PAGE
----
The nearest hospital is in Mopti and can only be accessed using a pay canoe which many say they cannot afford.

Survival in this Mopti camp entirely depends upon those who can dip their nets into the waters for a fish catch, otherwise many have simply given up hope of any humanitarian assistance.

The displaced people in northern Mali say they have not received any assistance because of the restrictions imposed against humanitarian organizations by the French making their conditions to describe the least, unbearable…

500 EU troops due in Malian capital to back up French war

Press TV

Some 500 European Union (EU) troops are due in the Malian capital of Bamako to back up France in its war in the West African country.

According to reports, the European Union Training Mission (EUTM) for Mali will arrive in Bamako later on Friday and military sessions will be held northeast of the city.

This comes after the EU foreign ministers agreed to back up France in its war in Mali by launching a USD 16.33-million military operation to purportedly train and restructure the West African country’s army.

Foreign ministers of the 27-nation bloc appointed French Brigadier General Francois Lecointre as commander of the mission, which is slated to last for 15 months.

France launched its war on Mali on January 11 under the pretext of halting the advance of fighters in the country. The war has left thousands of Malians homeless.

On February 1, Amnesty International condemned “serious human rights breaches” including the killing of children in the French war in Mali.

The rights organization said there was “evidence that at least five civilians, including three children, were killed in an airstrike” carried out by French forces against the local fighters.

Some political analysts believe that Mali’s abandoned natural resources, including gold and uranium reserves, could be one of the reasons behind the French war.

Cameron in Blunderland

by Felicity Arbuthnot, source

The refuge of the morally, intellectually, artistically and economically bankrupt is war.

— Martin H. Fischerm, 1879-1962

It has not been an auspicious couple of weeks for UK Prime Minister David Cameron.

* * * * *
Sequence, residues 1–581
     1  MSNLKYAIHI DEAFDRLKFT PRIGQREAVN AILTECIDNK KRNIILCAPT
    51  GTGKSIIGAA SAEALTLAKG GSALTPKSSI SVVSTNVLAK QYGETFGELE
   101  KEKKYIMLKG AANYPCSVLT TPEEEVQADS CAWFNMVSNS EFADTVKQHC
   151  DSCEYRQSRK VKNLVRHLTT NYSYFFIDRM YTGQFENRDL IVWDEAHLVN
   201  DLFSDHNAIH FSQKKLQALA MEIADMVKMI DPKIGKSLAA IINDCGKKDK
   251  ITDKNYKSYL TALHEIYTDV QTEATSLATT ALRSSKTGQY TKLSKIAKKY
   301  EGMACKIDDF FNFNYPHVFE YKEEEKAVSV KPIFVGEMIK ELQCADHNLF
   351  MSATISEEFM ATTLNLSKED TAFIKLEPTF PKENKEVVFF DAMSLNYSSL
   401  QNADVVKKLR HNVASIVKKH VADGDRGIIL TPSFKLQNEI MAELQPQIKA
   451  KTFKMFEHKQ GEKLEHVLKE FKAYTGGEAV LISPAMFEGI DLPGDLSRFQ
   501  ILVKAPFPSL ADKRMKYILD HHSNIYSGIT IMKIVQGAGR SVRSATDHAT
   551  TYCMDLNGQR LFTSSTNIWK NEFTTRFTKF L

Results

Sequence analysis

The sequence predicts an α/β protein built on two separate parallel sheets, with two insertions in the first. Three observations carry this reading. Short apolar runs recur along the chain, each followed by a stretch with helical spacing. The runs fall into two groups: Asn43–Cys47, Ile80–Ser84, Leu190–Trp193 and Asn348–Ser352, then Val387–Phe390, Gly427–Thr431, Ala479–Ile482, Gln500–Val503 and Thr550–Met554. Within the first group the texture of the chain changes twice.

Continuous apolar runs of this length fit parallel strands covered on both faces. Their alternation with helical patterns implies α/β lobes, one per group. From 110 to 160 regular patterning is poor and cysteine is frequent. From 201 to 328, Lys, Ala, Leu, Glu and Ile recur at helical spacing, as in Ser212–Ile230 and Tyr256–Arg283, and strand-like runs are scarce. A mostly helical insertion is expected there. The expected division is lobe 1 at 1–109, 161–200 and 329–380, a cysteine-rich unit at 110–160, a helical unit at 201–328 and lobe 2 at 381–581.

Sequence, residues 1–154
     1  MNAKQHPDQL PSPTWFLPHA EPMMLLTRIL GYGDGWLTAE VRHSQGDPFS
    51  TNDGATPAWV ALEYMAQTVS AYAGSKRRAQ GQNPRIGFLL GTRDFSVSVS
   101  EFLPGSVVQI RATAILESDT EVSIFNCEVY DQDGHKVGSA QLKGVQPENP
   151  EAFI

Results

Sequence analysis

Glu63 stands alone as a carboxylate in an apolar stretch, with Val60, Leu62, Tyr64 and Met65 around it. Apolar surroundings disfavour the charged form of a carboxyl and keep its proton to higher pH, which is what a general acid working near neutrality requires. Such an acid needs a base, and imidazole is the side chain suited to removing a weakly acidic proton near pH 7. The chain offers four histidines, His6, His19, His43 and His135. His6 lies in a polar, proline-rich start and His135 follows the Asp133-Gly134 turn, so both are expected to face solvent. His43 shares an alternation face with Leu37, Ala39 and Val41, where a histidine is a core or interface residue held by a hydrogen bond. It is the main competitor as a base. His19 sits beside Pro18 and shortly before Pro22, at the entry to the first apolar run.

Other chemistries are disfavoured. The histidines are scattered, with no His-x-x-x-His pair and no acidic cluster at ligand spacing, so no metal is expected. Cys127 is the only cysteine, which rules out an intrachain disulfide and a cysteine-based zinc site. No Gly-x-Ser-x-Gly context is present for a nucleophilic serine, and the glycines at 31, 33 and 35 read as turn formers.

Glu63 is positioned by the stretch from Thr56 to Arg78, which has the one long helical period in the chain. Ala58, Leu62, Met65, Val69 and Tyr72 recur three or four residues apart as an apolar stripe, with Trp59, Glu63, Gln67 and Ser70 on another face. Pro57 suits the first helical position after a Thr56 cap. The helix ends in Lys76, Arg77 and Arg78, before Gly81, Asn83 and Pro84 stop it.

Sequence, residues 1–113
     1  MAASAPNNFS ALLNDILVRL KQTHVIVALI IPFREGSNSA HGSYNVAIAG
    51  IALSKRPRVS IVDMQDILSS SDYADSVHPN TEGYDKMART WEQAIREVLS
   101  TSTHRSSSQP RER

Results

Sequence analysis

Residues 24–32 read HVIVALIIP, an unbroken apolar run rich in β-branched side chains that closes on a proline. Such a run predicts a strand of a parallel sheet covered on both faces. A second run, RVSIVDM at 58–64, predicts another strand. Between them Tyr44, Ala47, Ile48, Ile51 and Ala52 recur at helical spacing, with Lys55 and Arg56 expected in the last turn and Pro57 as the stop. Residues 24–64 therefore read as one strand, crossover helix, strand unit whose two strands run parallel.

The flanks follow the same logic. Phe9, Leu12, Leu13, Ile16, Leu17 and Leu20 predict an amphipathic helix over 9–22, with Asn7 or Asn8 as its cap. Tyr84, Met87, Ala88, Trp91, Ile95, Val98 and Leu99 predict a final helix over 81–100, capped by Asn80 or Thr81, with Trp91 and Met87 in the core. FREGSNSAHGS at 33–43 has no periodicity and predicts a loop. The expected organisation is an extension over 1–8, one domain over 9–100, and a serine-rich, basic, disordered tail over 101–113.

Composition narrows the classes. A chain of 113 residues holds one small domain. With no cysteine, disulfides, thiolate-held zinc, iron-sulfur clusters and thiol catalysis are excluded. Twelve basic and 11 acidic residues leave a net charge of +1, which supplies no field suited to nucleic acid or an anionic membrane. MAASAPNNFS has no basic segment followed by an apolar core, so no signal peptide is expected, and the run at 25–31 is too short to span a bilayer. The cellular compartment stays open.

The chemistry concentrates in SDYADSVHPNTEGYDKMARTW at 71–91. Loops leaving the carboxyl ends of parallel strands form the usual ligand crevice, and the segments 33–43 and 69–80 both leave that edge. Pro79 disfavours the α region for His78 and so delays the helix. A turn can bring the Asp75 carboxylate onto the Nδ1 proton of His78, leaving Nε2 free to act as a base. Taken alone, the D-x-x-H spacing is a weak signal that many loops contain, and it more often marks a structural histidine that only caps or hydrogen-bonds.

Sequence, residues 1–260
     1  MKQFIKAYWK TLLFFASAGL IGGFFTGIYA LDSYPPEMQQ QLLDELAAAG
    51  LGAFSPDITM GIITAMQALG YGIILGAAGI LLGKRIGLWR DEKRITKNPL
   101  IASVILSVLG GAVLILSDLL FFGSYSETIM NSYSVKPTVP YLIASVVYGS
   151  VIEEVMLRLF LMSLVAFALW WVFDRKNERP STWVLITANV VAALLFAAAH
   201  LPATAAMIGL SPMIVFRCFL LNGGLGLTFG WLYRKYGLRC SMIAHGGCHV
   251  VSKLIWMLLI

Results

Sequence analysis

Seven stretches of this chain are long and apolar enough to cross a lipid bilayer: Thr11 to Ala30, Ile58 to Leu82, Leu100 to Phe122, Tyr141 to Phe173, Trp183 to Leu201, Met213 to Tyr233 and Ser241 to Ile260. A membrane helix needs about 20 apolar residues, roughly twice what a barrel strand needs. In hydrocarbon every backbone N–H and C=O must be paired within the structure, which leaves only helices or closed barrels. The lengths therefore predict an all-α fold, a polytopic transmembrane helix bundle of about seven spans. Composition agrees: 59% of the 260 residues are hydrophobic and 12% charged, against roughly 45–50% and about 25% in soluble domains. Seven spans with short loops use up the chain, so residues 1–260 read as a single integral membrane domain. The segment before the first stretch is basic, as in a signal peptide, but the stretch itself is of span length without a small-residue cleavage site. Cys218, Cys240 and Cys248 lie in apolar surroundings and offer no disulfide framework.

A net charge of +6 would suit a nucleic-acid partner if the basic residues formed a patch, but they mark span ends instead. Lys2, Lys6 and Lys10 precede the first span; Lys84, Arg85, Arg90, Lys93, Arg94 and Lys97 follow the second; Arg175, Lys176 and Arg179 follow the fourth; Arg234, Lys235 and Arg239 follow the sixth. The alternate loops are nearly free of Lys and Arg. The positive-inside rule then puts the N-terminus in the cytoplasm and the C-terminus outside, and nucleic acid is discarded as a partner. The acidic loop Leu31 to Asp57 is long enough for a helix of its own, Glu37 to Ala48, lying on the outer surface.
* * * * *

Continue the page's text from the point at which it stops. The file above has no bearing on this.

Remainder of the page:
His Cabinet colleagues, largely a bunch of millionaires, have accused the unemployed of being work-shy and a burden on the taxpayers – never mind that businesses are closing in near industrial numbers and that often hundreds, if not thousands, apply for one job. Additionally, according to the Literacy Trust: ”One in six people in the UK struggle with literacy. This means their literacy is below the level expected of an eleven year old … Men and women with poor literacy are least likely to be in full-time employment at the age of thirty.”

A junior Health Minister has accused the poor of being fat because, she has decided, they eat the wrong things.

The latter, of course, implies that the overweight poor will be a further burden on Britain’s National Health Service, being more likely to develop chronic conditions. It seems this health fascism exempts government Ministers and politicians such as the Minister for Communities and Local Government, Eric Pickles, who must flatten the tyres and springs of his Ministerial limousine, along with other political rotunds, politicians who, of course, live entirely at the taxpayers expense, from large salaries, with all financial outputs covered and health care.

David Cameron himself stated that without the health help he had received, often twenty four hours a day, for his little son Ivan, suffering a chronic condition which subsequently proved fatal, his family would have been unable to cope. Now under his government, the Health Service too is under government fire – slash and burn style. Cuts in welfare include attempting to force the very disabled, even potentially terminally ill, back to work. Some have committed suicide.